It is difficult to give the credit which the Duke of Edinburgh’s life of service deserves in just one article. As HM the Queen once said; “He has, quite simply, been my strength and stay all these years, and I, and his whole family, and this and many other countries, owe him a debt greater than he would ever claim, or we shall ever know.”
Although officially a Prince of Greece and Denmark, the Duke was not born into a privileged lifestyle, nor a stable family upbringing. After moving to France and then Germany, Philip eventually arrived in the UK, where his uncle, Louis Mountbatten took care of him.
Philip was one of the last living veterans of World War II, serving in the Royal Navy and playing a key role in the 1942 Allied Invasion of Sicily. His bravery, along with the many other allied soldiers who fought for our freedoms, should not be forgotten.
The Duke had many interests which he applied himself to after becoming consort in 1952. He created the Duke of Edinburgh Award Scheme, inspiring many young people around the world to find a sense of purpose and duty to their community.
Prince Philip was also interested in conservation, becoming President of the World Wide Fund for Nature. Ahead of his time when it came to conservation, he can be accredited with popularising a religious obligation to conserve our planet. Philip’s interested also extended to sport. Taking up carriage driving in his 50s, the Duke popularised the sport.
The Duke’s sense of duty to the public, his wife, HM Queen Elizabeth II, and his family should not be forgotten. In his time of public service, he supported over 800 charities and made over 5,000 speeches.
The Duke is now gone but the legacy he leaves behind is tremendous
The Duke was always at the Queen’s side, becoming the longest serving Royal Consort in British history in 2009. The Queen and the Duke’s 73-year marriage is a truly remarkable achievement. Of course, it did not come without its difficulties. A young Princess Elizabeth had to put up a fight against the establishment to marry Prince Philip, whom she kept a photo of at her bedside whilst he served the UK in World War II.
The Duke also played an instrumental role in modernising the monarchy, ensuring it still remains vital to British life today. Having a strong sense of family duty, he acted as a mediator between Diana and Charles and convinced the young princes, William and Harry, to walk behind their mother’s coffin in 1997.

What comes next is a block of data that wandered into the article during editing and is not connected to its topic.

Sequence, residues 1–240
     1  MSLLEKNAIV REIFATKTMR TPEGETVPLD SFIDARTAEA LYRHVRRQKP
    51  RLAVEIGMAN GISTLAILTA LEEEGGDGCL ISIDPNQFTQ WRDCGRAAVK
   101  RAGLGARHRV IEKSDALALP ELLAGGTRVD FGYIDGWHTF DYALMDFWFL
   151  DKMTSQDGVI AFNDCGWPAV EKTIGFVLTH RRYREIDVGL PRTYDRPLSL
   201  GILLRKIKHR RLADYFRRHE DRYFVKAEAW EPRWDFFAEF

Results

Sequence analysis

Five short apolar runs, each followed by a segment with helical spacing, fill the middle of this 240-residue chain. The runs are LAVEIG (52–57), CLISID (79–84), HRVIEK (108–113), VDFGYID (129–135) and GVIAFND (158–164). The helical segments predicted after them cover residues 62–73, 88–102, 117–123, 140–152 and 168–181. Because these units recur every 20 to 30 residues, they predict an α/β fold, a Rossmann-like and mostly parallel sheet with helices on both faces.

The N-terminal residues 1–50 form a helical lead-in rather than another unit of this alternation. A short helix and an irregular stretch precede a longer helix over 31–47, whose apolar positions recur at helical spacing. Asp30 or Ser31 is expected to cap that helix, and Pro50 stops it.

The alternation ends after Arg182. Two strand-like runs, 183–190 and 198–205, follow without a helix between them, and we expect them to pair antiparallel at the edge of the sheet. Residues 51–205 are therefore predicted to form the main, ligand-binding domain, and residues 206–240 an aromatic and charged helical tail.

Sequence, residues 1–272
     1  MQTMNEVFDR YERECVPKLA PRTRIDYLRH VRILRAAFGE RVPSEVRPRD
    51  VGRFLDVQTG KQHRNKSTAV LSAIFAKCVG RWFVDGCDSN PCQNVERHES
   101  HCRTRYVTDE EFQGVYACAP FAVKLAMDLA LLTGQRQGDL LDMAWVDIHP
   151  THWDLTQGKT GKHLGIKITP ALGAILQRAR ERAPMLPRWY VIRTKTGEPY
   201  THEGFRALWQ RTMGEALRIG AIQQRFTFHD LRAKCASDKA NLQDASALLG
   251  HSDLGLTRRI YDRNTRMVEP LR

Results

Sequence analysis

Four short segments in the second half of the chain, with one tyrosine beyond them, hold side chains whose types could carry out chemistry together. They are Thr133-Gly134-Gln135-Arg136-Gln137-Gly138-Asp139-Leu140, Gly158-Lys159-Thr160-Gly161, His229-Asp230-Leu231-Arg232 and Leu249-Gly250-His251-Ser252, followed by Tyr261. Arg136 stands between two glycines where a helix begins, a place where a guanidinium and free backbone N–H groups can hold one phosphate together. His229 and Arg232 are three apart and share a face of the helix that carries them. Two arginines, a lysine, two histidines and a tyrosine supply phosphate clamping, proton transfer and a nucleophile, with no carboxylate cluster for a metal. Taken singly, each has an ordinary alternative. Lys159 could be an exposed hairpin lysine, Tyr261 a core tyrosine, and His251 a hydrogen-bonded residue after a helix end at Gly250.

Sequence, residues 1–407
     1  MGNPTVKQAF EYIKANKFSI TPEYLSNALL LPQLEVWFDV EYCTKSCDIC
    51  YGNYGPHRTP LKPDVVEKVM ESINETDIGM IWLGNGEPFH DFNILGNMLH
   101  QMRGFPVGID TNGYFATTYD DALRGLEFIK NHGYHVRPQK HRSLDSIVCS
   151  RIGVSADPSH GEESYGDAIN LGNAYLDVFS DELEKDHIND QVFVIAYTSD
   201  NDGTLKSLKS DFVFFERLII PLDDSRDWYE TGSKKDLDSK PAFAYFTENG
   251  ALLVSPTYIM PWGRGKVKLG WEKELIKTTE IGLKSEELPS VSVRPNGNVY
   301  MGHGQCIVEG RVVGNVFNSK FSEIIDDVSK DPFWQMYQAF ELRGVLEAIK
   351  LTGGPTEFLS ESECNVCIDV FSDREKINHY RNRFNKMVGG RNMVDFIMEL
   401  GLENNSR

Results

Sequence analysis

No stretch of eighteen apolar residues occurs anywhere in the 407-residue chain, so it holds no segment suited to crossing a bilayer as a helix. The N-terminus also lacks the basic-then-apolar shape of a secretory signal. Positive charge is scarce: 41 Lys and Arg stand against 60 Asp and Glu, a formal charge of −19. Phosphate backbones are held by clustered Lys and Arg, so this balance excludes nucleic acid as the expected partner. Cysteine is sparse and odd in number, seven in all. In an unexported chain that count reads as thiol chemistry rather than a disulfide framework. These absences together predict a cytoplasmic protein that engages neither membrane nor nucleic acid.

Prince Philip’s children described him as an encourager and adviser. He passed on many of his interests and hobbies to them; the Princess Royal took on his equestrian interests, and the Prince of Wales became interested in conversation and painting.
Although initially Greek Orthodox, Philip became Protestant after moving to Germany. Dr John Sentamu, former Archbishop of York, described the Duke as a ‘good Christian man’ who regularly prayed and attended church. Accrediting both the Duke’s and the Queen’s ‘deeply rooted Christian faith’ as the reason for their long-lasting marriage.
Sadly, the Duke is now gone but the 99-year legacy he leaves behind is tremendous. “God Save The Queen!”
Peter Donnelly, Editor
HRH The Duke of Edinburgh was laid to rest within Windsor Castle on a bright Spring Saturday, April 17th, that will live long in the minds of the public of the United Kingdom, the Commonwealth and all those who value dedication to public service and public life. No man demonstrated such strong credentials, than Prince Philip. Much has been written about his magnificent legacy, however, it can be summarised succinctly as exemplifying an unswerving dedication to his country, from his days as a young officer in the Royal Navy in the most fateful days this World has ever seen during the Second World War to his over seventy-year devoted partnership to his wife, Her Majesty The Queen, and his family.
The Editor is grateful to Nathan Fairley for his reflection on a life well-lived.
All text accompanying featured photographs is attributed to the Editor.